Adverse childhood experiences and lifetime adverse maternal outcomes (gestational diabetes and hypertensive disorders of pregnancy) in the Hispanic Community Health Study/Study of Latinos

Ann Epidemiol. 2020 Oct:50:1-6. doi: 10.1016/j.annepidem.2020.08.004. Epub 2020 Aug 11.


Purpose: Childhood adversity is associated with increased risk of adult disease, including type II diabetes and hypertension. However, little is known about potential associations between childhood adversity and adverse pregnancy outcomes. The goal of this study was to examine the relationship between adverse childhood experiences (ACEs) and ever experiencing gestational diabetes mellitus (GDM) or a hypertensive disorder of pregnancy (HDP) in a cohort of Hispanic or Latina women.

Methods: We analyzed data from 2319 women from the Hispanic Community Health Study/Study of Latinos who had ever given birth to a liveborn infant. We fit separate logistic regression models accounting for sample weights to examine the association between ACEs and risk of GDM and HDP adjusting for Hispanic/Latino background, age at immigration to the United States, and education.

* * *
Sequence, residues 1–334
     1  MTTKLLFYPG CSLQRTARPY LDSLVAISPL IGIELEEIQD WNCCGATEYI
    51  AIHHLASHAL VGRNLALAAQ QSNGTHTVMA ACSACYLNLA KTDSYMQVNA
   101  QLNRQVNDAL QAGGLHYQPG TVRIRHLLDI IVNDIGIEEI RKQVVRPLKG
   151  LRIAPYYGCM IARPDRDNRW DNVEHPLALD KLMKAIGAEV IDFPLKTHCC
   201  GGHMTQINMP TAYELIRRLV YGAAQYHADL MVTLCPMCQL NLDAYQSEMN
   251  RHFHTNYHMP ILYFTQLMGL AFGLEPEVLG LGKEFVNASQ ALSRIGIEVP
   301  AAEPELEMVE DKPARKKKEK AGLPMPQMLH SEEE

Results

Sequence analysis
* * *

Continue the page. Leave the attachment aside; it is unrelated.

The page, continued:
Results: Women who reported four or more ACEs did not show increased odds of GDM or HDP compared with those who reported three or fewer (GDM adjusted odds ratio: 0.8 [0.5, 1.3]; HDP adjusted OR: 1.0 [0.7, 1.5]).

Conclusions: Unlike previous research with majority non-Hispanic White cohorts, there was no association between ACEs and GDM or HDP. Future research should explore if this relationship varies by race/ethnicity in multiethnic cohorts.

Keywords: Childhood adversity; Gestational diabetes; Hypertensive disorders of pregnancy.

Publication types

  • Research Support, N.I.H., Extramural

MeSH terms

  • Adult
  • Adult Survivors of Child Adverse Events / psychology*
  • Adverse Childhood Experiences / ethnology
  • Adverse Childhood Experiences / psychology
  • Diabetes, Gestational / ethnology*
  • Diabetes, Gestational / psychology
  • Female
  • Hispanic or Latino / psychology*
  • Humans
  • Hypertension, Pregnancy-Induced / ethnology*
  • Hypertension, Pregnancy-Induced / psychology
  • Pregnancy